Quite a few finance journalists, brokers and analysts should be hanging their collective heads in shame this morning. They have once again allowed QBE and its CEO, Frank O’Halloran, and chairman, John Cloney, to get away with blue murder in their attempts to seduce Insurance Australia Group into its arms.
Most have described the QBE statements purporting to make an offer to IAG as an offer.
It is nothing of the sort. And only The Australian‘s Bryan Frith has got it right from what I can see.
QBE hasn’t made any sort of offer: it is a non-binding indicative proposal to IAG’s chairman James Strong and board, not to shareholders.
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QBE yesterday revised this upwards, and let the market know ahead of time by leaking suggestions of a revision through the business media in the morning papers. But there was no actual offer capable of being put to shareholders, just as in the two previous cases when it first revealed the proposal and then purported to extend it twice.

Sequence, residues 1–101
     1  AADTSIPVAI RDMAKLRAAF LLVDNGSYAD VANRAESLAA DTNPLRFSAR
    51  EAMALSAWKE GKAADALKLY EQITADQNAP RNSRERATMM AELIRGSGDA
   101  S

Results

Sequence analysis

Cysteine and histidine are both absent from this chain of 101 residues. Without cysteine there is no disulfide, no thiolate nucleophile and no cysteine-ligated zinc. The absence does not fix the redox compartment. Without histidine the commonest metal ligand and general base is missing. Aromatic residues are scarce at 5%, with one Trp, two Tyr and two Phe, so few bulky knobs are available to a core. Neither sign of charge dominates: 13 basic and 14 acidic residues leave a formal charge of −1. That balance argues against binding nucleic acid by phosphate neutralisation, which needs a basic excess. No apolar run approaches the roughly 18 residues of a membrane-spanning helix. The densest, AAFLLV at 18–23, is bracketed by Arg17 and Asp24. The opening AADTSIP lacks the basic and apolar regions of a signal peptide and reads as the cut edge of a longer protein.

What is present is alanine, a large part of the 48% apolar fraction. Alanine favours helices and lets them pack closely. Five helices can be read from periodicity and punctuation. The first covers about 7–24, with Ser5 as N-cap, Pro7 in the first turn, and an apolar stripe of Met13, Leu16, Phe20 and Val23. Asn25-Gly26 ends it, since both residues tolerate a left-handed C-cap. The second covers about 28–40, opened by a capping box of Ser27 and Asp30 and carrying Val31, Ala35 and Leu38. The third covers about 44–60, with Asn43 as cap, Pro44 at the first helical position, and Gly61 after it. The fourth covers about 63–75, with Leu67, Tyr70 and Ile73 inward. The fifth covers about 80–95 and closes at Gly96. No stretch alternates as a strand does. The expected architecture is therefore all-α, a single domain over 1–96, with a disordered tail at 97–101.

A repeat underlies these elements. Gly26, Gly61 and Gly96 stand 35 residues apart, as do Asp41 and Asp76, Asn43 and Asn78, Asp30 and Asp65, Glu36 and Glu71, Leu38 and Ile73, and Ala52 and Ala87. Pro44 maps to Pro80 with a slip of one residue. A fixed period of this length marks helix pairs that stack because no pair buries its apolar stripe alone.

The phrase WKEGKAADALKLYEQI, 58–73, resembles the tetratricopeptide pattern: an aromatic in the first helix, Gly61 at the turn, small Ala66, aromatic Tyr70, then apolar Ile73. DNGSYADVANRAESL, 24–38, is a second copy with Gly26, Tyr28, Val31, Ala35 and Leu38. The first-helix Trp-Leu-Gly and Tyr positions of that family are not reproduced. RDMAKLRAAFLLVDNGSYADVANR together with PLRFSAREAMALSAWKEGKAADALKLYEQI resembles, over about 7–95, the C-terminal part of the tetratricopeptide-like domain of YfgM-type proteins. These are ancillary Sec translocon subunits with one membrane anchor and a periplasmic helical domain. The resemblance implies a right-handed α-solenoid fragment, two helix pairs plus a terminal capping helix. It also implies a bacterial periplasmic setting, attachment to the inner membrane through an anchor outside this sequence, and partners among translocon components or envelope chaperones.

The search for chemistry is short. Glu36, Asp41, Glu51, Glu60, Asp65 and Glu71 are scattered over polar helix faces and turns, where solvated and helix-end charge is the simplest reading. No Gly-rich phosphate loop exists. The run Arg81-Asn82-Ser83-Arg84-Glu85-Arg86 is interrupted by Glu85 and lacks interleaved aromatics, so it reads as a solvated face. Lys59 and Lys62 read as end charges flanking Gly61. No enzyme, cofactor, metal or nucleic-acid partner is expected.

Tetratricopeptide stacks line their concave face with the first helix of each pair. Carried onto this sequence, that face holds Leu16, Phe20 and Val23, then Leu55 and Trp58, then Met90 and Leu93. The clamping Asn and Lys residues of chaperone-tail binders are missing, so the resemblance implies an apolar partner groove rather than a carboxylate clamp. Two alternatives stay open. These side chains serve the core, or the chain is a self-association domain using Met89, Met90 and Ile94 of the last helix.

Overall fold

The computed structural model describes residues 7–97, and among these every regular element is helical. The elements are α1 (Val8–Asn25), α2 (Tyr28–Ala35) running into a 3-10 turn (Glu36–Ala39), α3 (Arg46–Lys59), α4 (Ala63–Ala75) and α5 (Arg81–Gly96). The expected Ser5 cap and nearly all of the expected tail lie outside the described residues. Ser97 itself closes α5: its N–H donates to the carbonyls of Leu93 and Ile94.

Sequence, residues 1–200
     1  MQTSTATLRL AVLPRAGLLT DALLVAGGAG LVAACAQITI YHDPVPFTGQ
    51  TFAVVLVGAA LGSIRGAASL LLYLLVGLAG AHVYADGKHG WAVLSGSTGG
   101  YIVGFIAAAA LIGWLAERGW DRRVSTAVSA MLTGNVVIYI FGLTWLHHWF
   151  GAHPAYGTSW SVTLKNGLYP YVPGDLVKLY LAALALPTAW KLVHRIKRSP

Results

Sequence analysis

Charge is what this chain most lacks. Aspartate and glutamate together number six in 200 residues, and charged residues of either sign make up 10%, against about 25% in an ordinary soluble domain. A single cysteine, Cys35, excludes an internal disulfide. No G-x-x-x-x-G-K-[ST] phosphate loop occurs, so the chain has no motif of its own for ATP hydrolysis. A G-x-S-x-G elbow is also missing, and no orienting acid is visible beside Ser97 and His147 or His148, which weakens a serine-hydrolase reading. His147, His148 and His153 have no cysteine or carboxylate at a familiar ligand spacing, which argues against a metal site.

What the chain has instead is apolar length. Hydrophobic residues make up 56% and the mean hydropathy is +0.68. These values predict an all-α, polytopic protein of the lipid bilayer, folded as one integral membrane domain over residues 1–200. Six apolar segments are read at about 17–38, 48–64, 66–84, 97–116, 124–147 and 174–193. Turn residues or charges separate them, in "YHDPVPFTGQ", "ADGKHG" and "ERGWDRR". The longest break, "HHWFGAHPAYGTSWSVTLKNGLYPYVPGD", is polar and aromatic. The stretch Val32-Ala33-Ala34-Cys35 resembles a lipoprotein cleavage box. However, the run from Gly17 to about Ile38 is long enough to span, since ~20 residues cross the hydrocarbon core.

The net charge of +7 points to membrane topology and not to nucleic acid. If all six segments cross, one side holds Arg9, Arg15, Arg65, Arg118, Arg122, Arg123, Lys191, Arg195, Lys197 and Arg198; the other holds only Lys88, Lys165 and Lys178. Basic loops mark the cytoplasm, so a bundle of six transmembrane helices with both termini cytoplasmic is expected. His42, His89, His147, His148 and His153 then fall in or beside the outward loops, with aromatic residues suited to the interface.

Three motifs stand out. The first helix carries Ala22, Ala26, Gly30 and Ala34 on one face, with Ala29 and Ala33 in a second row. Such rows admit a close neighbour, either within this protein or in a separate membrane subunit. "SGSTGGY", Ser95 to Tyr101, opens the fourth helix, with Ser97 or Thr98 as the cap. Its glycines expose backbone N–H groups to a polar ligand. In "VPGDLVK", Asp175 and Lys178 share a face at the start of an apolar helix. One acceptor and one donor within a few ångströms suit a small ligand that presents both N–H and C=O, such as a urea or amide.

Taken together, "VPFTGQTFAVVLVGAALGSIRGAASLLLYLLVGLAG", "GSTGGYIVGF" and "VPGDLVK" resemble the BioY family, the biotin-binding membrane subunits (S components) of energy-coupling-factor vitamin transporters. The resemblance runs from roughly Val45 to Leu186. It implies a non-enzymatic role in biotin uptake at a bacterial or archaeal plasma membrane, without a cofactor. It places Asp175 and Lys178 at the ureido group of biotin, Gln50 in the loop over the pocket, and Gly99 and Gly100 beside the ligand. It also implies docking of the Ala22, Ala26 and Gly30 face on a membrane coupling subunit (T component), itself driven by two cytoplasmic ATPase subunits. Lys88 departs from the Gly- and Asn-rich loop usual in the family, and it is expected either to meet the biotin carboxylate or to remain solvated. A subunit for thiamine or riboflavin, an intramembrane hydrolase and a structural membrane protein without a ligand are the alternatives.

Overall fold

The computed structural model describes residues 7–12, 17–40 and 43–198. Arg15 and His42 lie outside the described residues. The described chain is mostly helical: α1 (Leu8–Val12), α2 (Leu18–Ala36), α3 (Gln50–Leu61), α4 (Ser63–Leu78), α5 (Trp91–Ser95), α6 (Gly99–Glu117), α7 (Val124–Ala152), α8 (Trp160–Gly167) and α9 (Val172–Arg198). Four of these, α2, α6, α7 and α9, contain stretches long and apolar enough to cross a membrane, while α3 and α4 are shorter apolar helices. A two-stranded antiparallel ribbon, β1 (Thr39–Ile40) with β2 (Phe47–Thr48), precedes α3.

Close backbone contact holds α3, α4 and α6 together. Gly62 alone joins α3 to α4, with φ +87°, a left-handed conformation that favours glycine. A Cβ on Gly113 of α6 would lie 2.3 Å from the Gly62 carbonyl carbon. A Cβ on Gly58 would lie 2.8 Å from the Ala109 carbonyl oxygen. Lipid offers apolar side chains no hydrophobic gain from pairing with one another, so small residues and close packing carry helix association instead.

It’s all smoke and mirrors and because there’s no actual offer. What QBE says doesn’t matter. It can alter, vary, change or do what it likes to its proposal: it certainly can walk away when IAG says “no” officially and later today after a board meeting in New Zealand.
After all, you can’t declare as “final” a bid that hasn’t actually been made in terms of the Takeovers Code.
What QBE wants is to get IAG to say yes to the discussions, then to roll over and agree to whatever QBE then formalises into an actual legal offer. Journalists and brokers who don’t understand that hould go back and re-read the QBE releases and reflect on their omissions.
If, for example QBE changed the terms of the proposal in its first legal offer, as it could do presently, the same journalists would be bagging IAG board for rolling over.
The QBE proposal is opportunistic, just as the Westpac offer for St George is an attempt to grab an asset on the cheap, without an auction or any price pressure on the acquirer.
In a year’s time IAG will be doing better because the insurance cycle will be moving back towards an upswing. QBE knows what’s going on in the insurance market: it knows there are parts of its business that are having problems, just like IAG.
But the IAG board is well within its rights to demand that QBE show them the money in the form of an actual offer capable of being put to shareholders.